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Date: Fri, 30 Dec 2011 22:30:53 -0500
From:  <>
Cc: magnum <>
Subject: Re: SSE/intrinsics for sapB/sapG [was: john-users]

> Jim, Simon, how would I do a crypt of between 56 and 63 bytes? Is this 
> not possible? Can we actually only do 0-55 *or* 64-119 bytes?

To encrypt 56 bytes, do this:

1. set the 56 bytes, then set 0x80 as the 57th, and null out the rest.  Do the sha.
2. create another buffer. NULL the entire buffer, but put 56<<3 into the length location (last 8 bytes, BE format, I think).
3. perform sha on this, using the results of step 1 as the init seed.

I believe this can be done in sha1-mmx.S also.  I know it can be done in sse2-i

> And how much would it take to introduce a way to do more 64-byte limbs,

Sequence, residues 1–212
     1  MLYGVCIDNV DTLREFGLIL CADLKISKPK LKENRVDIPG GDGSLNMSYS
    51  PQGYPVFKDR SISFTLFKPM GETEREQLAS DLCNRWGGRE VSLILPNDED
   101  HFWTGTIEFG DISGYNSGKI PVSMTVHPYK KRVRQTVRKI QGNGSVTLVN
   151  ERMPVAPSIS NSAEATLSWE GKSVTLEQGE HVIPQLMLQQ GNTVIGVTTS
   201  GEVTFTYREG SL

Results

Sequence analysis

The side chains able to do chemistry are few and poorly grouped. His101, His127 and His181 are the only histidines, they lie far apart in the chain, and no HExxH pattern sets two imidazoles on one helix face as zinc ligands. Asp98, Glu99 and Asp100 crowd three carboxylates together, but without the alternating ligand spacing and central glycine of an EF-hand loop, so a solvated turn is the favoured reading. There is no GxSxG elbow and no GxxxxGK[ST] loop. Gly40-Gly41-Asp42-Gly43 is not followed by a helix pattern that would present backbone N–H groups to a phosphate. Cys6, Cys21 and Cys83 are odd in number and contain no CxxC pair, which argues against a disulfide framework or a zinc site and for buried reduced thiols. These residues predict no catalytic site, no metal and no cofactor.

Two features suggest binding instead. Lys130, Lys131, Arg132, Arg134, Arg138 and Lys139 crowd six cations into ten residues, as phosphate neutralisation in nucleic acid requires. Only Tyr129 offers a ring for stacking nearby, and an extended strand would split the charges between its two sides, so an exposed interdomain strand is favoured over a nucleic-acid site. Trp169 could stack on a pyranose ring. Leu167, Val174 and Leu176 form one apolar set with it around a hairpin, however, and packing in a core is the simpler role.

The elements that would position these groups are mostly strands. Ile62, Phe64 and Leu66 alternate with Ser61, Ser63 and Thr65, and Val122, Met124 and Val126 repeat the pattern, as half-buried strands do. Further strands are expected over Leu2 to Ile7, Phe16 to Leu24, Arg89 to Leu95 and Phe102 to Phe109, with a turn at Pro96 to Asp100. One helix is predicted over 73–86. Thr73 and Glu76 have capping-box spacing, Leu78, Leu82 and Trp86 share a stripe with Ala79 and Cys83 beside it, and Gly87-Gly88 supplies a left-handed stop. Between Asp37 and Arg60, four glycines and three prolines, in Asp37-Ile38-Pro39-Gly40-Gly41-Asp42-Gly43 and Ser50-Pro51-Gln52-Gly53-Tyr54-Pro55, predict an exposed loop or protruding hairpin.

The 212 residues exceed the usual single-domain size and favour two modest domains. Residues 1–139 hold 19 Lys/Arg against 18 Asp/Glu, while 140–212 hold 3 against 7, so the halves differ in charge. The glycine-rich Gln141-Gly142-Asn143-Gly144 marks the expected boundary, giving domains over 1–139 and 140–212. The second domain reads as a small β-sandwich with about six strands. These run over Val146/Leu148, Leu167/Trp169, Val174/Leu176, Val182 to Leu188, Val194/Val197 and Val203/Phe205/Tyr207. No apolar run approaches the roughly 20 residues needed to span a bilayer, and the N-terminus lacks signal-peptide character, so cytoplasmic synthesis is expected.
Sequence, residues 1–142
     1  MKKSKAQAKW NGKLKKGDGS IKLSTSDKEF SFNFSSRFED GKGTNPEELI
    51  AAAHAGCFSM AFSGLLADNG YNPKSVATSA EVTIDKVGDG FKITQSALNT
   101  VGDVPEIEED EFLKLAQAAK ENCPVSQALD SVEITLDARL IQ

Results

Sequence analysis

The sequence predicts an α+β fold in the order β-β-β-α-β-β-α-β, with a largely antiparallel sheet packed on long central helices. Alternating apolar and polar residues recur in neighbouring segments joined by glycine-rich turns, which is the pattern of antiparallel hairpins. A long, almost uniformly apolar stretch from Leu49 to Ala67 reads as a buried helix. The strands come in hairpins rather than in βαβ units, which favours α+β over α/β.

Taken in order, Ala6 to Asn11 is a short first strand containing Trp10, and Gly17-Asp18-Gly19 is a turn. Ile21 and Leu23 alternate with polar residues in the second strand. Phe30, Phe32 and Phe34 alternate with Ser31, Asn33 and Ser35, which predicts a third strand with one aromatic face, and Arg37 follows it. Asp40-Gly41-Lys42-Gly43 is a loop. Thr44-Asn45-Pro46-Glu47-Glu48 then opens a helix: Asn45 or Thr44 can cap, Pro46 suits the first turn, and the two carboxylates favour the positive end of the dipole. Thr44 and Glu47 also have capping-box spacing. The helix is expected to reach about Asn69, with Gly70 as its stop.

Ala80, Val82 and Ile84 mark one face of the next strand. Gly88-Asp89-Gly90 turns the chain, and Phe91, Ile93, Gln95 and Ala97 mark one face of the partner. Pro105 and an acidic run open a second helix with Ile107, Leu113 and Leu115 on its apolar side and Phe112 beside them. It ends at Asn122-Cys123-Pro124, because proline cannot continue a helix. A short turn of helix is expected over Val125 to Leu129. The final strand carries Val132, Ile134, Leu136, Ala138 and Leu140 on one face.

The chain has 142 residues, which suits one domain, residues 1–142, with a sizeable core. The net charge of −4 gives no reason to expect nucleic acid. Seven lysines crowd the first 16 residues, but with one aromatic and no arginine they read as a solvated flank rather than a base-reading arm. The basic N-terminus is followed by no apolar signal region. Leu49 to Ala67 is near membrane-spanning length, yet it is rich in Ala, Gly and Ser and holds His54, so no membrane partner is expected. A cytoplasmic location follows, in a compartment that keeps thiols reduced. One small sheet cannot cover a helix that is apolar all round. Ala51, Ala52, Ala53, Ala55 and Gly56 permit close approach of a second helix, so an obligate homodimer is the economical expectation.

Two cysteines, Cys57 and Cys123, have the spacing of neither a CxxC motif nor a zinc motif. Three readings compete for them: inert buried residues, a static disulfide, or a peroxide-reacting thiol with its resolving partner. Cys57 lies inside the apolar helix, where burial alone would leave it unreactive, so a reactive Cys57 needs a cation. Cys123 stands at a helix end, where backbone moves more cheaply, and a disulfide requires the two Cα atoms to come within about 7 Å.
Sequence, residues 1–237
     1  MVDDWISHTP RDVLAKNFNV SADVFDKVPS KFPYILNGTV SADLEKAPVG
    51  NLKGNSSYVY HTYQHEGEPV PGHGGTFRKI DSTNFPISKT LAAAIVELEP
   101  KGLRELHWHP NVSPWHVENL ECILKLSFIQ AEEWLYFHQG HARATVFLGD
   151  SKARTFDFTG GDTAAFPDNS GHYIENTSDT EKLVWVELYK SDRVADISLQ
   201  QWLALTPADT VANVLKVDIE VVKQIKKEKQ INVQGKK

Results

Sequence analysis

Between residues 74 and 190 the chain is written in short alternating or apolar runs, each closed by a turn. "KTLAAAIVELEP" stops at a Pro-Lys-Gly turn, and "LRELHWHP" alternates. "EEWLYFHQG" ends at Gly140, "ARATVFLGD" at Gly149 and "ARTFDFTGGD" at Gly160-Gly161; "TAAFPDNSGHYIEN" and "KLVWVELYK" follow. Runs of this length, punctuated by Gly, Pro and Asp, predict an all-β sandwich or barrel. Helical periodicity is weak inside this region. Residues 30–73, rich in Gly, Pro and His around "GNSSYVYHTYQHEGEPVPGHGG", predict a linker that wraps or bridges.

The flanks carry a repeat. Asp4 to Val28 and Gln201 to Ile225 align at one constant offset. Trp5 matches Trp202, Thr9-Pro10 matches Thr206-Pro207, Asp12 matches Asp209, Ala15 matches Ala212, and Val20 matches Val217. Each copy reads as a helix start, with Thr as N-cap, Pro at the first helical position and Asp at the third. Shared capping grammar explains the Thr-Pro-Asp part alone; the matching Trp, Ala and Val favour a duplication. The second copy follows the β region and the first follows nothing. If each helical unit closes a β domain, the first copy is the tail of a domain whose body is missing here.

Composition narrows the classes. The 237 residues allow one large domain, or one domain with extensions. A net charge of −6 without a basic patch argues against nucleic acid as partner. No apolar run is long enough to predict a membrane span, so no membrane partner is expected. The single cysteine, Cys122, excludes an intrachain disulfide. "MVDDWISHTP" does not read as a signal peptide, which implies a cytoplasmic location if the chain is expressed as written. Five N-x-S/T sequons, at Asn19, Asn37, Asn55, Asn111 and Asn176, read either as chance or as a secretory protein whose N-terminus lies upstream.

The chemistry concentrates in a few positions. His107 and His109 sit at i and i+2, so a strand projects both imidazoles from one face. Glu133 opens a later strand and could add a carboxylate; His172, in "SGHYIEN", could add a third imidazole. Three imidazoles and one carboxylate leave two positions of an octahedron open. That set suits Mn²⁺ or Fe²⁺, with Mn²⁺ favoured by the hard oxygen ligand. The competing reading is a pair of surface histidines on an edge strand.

> for 128+ bytes of data? Would that merely be another fairly trivial 
> if/else in the intrinsics code, or is it more complicated?

To perform sha of any length, you simply cut up the message into 64 byte blocks. Only the 'first' one of these gets the normal init of the crypt.  From the first one forward, you need to reapply the results of the prior crypt into the next crypt. SHA1 (or md4/md5, etc), ALL must have a 0x80 (1 bit) set right after the bytes of data (we are assuming data to be encrypted is byte data).   Also, the last 8 bytes of the last block are the number of bits being encrypted.  So, you need to have 9 bytes free on the last block.  If when cutting up the data to be encrypted, you end up with 56 to 64 bytes, then you properly append the bit (the 0x80), and then a new whole 'NULL' block, with only the bit length set.  NOTE, if you have exactly 64 bytes (or 128, etc), then you encrypt that block, then create a 'NULL' block, but set the length into the length field, and set the very first byte of this block to a 0x80.


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